3. Great article- thanks, Penny!

    Would a married name that ended in divorce and then remarriage (to someone else) be treated similarly as your MIL’s? I have seen the divorced name included in [ ] in the listing in some sources, rather than ( ). What if they remarried the first spouse after taking back the maiden name, or marrying someone else?

    For a woman who married a cousin and then had the same married name as her maiden name, should it be noted somehow in the index that it was her maiden name as well? I suppose she would be found either way so it likely does not matter.

  4. Penny, when I was working the desk at NEHGS in the Ice Ages, someone called and explained that he had written a three-volume, so many pages, genealogy, and asked if should he index it! As I talked with him, I realized he just wanted me to say no. “The people are all in order in the book!” he declared.

  5. It seems from the comments that at least one followup posting should follow to address what software is best for indexing, and maybe a guide that would answer specific questions. Thanks for your post.

  6. When I wrote “From Schoolboy to Soldier: The Correspondence and Journals of Edward Stanley Abbot,” my great uncle, the task of indexing the volume was overwhelming. I hired a professional indexer. It was not as expensive as I thought it would be and simplified the job greatly. She had programs to help her and protocols for dealing with varied types of items to be indexed. Of course, I still had to review her draft.

  7. I made a start at indexing a journal I had transcribed using Word but found it overwhelming because the names were repeated repeatedly throughout the journal. I now think I could have managed it if I had kept the pages the same as in the journal vs combining to fill a page. I really should have at least had an every name index as suggested at the beginning of this post. The journals and the printed transcription are now in the manuscript collection at NEHGS without an index as far as I know.

  8. I have compiled a 600-page genealogy for my maternal grandfather’s family. I made an index by adding the names in order by page to make a list which is then sorted and condensed; this allows (?) me to quickly update the list by page and then resort. There actually are four indexes: name, place, photos in the book and a list of all family photos that I have by family member.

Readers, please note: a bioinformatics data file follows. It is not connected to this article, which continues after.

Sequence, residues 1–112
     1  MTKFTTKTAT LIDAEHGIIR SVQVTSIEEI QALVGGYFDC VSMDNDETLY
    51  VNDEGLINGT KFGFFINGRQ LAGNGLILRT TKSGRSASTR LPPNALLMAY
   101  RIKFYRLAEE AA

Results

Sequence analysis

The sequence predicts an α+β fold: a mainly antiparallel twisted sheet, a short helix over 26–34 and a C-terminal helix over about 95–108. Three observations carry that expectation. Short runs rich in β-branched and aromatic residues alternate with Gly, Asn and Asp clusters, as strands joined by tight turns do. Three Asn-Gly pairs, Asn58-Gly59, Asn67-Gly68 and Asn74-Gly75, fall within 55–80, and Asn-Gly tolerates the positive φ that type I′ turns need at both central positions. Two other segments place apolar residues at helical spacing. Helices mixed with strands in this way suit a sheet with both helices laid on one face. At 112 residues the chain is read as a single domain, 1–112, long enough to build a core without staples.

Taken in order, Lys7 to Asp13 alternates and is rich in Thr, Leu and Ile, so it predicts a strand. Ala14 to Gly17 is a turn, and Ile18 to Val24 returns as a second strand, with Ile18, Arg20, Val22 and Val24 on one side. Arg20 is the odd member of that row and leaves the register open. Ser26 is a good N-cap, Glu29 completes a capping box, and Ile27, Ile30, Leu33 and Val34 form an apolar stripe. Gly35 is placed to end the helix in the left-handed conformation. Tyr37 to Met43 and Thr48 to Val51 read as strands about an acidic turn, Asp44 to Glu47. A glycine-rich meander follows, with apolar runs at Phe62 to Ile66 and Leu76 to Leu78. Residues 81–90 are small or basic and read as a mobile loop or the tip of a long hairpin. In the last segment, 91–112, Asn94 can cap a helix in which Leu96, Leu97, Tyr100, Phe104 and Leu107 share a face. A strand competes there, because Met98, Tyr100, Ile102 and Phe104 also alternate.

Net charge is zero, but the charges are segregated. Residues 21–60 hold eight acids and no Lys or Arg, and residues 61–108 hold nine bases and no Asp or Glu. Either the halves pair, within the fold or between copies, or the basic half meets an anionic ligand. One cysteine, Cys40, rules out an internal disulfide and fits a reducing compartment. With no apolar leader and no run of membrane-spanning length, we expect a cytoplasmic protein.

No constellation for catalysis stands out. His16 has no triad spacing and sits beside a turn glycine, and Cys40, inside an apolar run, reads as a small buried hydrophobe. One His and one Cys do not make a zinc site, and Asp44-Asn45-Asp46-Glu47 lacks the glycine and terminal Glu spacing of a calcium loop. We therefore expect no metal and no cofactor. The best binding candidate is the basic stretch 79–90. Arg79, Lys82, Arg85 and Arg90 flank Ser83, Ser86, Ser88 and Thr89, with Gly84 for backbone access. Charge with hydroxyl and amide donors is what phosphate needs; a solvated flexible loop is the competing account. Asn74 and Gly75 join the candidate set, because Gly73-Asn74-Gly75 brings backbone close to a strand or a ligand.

9. If your material is readily available in electronic format, an index is useful (e.g. for browsing) but not as valuable as the ability to make computerized searches. Traditional “hard copy” materials do need indices. Go electronic!

    1. Penny, also back in the Ice Ages when I was involved with NEHGS, my husband wrote a DOS indexing program that we used for the cumulative index to the Register, and many books. Newer computers were making it difficult to use, but recently, thanks to a free program called Dos Box, we were able to adapt it and it’s working better than ever for me – does the multiple maiden/married names automatically, and automatic repetition of surnames and first names if applicable (though not page numbers), and sorts, concatenating the relevant page numbers.. It’s too involved to offer to a newcomer, but anybody who is able to program at all should be able to write something that would work better than Word. Some people may remember another similar program written by a young man in Rhode Island. Picton Press had one, too, but they are gone now.

    1. My wife and I wrote (actually edited and made a book) the letters from my great grandfather, Eugene Barton Wight — related to the Ladds — wrote in 1860 – 1864 to his parents. 212 pages with no index. It included mention of the “Life of Luther C. Ladd, the first martyr that fell a sacrifice to his country, in the city of Baltimore, on the 19th of April, 1861, while bravely defending the flag of the nation … ”
      [http://www.archive.org/stream/lifeoflutherclad00conc/lifeoflutherclad00conc_djvu.txt]

  10. I’ve been writing my “book” for about 2 years. The table of contents and the index are holding me up. I’m no where done but contemplating those two items make me shiver.

  11. I use Family Tree Maker which provides indices. I am not organized nor interested enough to do it. I’ll leave it to my granddaughter or grandson.